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Jury still out on blockchain power start-up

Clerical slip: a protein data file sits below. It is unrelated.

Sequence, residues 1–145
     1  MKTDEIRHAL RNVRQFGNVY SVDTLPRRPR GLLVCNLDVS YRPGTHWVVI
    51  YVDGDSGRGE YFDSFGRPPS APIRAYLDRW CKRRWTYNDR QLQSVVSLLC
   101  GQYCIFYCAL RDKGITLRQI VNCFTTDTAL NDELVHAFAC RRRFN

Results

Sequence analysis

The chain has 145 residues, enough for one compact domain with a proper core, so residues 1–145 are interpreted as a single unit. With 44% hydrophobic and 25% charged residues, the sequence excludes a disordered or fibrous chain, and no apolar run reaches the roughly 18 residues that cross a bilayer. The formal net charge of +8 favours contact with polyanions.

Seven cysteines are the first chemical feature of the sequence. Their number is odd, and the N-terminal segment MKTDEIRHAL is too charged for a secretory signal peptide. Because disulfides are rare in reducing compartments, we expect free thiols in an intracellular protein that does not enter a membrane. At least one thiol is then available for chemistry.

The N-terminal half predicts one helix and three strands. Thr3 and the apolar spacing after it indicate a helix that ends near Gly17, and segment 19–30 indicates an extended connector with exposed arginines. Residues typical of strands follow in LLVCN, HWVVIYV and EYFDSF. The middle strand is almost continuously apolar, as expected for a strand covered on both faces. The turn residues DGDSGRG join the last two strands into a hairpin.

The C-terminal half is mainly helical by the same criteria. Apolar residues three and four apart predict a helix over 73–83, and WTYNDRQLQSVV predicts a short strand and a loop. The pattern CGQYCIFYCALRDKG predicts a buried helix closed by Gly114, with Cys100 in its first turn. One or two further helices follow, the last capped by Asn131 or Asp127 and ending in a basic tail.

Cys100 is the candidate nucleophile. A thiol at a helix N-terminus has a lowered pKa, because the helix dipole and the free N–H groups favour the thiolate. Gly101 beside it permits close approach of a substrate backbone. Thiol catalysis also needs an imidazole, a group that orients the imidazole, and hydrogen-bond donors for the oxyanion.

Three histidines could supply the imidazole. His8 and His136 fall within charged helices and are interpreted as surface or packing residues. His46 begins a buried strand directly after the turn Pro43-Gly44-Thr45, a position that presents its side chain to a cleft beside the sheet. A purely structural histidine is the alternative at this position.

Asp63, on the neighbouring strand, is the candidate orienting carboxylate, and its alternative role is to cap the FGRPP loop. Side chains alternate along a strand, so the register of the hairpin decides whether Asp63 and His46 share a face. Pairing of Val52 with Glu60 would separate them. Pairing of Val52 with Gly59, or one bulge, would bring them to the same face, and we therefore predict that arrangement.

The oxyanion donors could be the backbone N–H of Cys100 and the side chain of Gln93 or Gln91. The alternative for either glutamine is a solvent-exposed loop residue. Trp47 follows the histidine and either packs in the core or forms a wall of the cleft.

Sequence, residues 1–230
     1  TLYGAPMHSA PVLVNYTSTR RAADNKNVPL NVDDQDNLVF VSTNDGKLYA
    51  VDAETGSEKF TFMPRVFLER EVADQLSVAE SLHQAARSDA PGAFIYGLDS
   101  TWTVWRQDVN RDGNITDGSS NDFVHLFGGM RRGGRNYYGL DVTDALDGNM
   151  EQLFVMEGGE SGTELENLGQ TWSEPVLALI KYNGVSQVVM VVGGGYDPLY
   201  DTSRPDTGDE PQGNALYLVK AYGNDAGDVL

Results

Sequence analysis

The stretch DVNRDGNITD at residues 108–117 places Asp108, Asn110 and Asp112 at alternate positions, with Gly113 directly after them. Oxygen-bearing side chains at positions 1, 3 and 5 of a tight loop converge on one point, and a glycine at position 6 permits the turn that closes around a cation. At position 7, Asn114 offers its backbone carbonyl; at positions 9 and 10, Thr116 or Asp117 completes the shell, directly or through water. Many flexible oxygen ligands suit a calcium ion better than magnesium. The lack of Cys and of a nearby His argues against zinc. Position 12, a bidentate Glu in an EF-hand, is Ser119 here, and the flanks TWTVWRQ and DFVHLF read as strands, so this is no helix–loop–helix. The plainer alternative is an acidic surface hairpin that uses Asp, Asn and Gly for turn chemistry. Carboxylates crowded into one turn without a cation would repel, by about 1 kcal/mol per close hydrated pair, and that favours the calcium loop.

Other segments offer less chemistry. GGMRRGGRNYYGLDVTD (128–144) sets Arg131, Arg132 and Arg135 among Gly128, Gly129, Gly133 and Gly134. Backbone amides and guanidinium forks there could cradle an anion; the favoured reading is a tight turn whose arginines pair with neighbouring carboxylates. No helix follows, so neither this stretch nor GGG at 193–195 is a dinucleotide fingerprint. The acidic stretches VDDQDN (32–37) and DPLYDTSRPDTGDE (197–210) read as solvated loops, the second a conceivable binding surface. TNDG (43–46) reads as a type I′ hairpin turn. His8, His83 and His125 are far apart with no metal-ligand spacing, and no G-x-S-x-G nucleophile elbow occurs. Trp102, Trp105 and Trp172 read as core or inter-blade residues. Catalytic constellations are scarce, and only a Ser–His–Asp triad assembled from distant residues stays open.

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That was 2016, and Power Ledger, founded by ex-JPMorgan banker Jemma Green, had hit its stride. The Perth-based firm enjoyed the patronage of billionaire entrepreneur Richard Branson and Silicon Valley venture capitalist Bill Tai. Elon Musk was said to be interested.Green, soon to be made the City of Perth’s deputy lord mayor, had founded a wildly popular company. In a sweetly-timed deal – fed by a global bout of crypto­mania – Power Ledger raised $34m in the country’s biggest initial coin offering. In exchange for its POWR token, which would be used on its energy trading platform, Power Ledger investors handed over $6m in bitcoin, $10.8m in ethereum and $400,000 in litecoin.A trial with Origin Energy looked promising.Half a decade on, however, the company is still to generate a profit.Confidential accounts for the year ending June 30, obtained by The Australian, show a loss before capital gains of $5.2m, with $250,000 in commercial revenue from trials and licence fees dwarfed by $7.1m in costs.And while the pre-tax profit of almost $32m looks worthy of celebration, a closer examination reveals it was powered by a $37.2m capital gain on the sale of some of the crypto assets.Green tells The Australian that this is nothing unusual. Power Ledger has been investing in markets to demonstrate its technology and is “very pleased” with the progress. “We are in a phase akin to pre-Netflix in energy markets and we are executing our plans consistent with our understanding and expectations of the market,” Green, who has spent years on energy and blockchain advisory board, says. Power Ledger is working with one of the largest energy retailers in France, another in Europe, and in a “world first”, putting renewable energy certificates on the blockchain with the biggest registry in the US.In to a separate memo sent to shareholders, updating the group’s finances to the end of September, Green writes that Power Ledger has more than 20 clients in 10 countries.But the update also notes that many of the current projects are “smaller scale demonstration projects”, and some are “earlier stage commercial deployments with scale anticipated as the distributed energy markets mature”.“Consistent with information previously provided, the company is in (sic) active product and market development stage with a focus on acquisition of users of the platform,” Green says. “Therefore, it is not anticipating to be cashflow-positive from normal operating activities in the next three years.”The Power Ledger platform, at its simplest, adds a further option for consumers who have installed solar panels – they can already use the electricity, store it in a battery, or sell it back to the grid. The addition is the ability to sell the power directly to another consumer without having to go through a middleman.The commercial pitch is best left to venture capitalist Tai, the global ambassador and adviser to Power Ledger who also co-founded Mai Tai, a kiteboarding retreat and community whose members have net worth of $US7bn ($9.7bn), according to Forbes.Tai says in his two-minute YouTube pitch that with 22 IPOs from early-stage investments, the world is moving from an economy dependent on oil to dependence on electricity.“There’s a supply and demand mismatch almost at all times, everywhere on the planet, so if you can be that intermediary layer it has value,” he says.“I don’t know what percentage of the transaction that will be, but I do know from all the companies I’ve funded that you will always be able to charge for it if you drive fundamental value to your customers.“And then if you can do it at scale, you will have a really big company.”While Power Ledger’s 2017 initial coin offering predated Tai’s pitch, it presented the same blue-sky narrative, with the POWR tokens issued to investors to access the platform.The take-up surpassed all expectations. The $34m in proceeds was evenly split between a pre-sale and a main sale, with the value of the tokens spiking at one point to an extraordinary $US800m ($1.1bn). Even now they’re worth about $300m.Power Ledger’s momentum continued through 2018. Green was crowned the winner in a pitching competition at Branson’s Extreme Tech Challenge on his private Necker Island in the Caribbean. After the event, the host gave her a copy of his book. Inside, he’d inscribed: “Dear Jemma, may you power the world.”EY crowned her the professional services firm’s fintech entrepreneur of the year.But then, as the year closed out, Green took offence at two articles published in the Australian Financial Review about the promotion of POWR, alleging in West Australian Supreme Court filings that the newspaper had implied she misled the public and investors in her “creation, promotion and operation” of Power Ledger.Last Thursday, Supreme Court judge Rene le Miere ruled in favour of Green, awarding her $400,000 in damages and costs, expected to run over $1m.During the trial, Justice le Miere rejected an attempt from Nine Entertainment, the publisher of the AFR, to throw out the case because Green had failed to comply with document disclosure orders in relation to the “Elon Musk rumour”. The speculation, published online in HuffPost, claimed Musk had approached Green to discuss his interest in Power Ledger. While Green denied it, lawyers for Nine alleged that she had ­failed to take reasonable steps to set the record straight on the Musk rumour during the Power Ledger initial coin offering.Justice le Miere said in last week’s judgment that the evidence did not show Green was responsible for the erroneous sentence, just that she failed to correct it for some time.“It has not been established that the erroneous sentence misled anyone to invest in Power Ledger or POWR tokens,” he wrote in the judgement. “It has not been established that Dr Green had any intent to mislead investors or that her conduct was culpably negligent.”Even without its legal distractions, the energy market has proven to be a tough nut to crack for Power Ledger. At first, it was promising. Origin had signed off on a technical trial using the platform and anonymised customer data to see how the technology would work across a regulated energy network.An Origin spokeswoman confirmed the energy giant ran a “desktop trial but we decided not to progress the technology”.Green, in an in-house article published one year later, said Power Ledger saw the project as a success because it showed the application of agreed trading rules, buying and selling of energy at varying rates and tariffs between different types of customers, and the recording of the data on the blockchain. A range of factors “contributed to what (we) felt at the time was a setback”.Origin, for its part, decided to focus on further development of its home energy management and distributed energy platform, and regulatory challenges also played a role.“The concept of peer-to-peer trading isn’t forbidden by existing regulations; the fact is, peer-to-peer trading isn’t even considered by the regulations, meaning the ‘how to’ rules are yet to be written,” Green said.“In an industry as heavily regulated as the energy industry, rules are king.“We were proposing a change to the rules when we weren’t even invited to the game.”Tony Wood, energy program director at the Grattan Institute, says the underlying problem might be that peer-to-peer energy trading on the blockchain “is just too complicated”.“The telecommunications industry has opened up access to the internet through a mobile phone, which has evolved into a mobile communications device,” Wood says.“With energy, yes, you can have rooftop solar and store it in a battery, but it hasn’t led to anything else to enhance your life.”Green, however, says the markets for Power Ledger products are developing and there are favourable changes to the regulatory environment occurring in “multiple” jurisdictions.Profitability, she says, depends on how quickly markets and regulation develop, and the rate of adoption of the company’s products. The near-term focus is on brand recognition and product and market development.But will Power Ledger’s cash and crypto assets last the distance? Green says they will, because the cash-burn rate is “modest” compared to the company’s treasury position.“Blockchain, crypto and distributed energy markets are all new technologies and applying these to a very old world and conservative markets can take time,” she says.“Our progress is consistent with our expectations of progress to date and we are very excited about the future of the business.”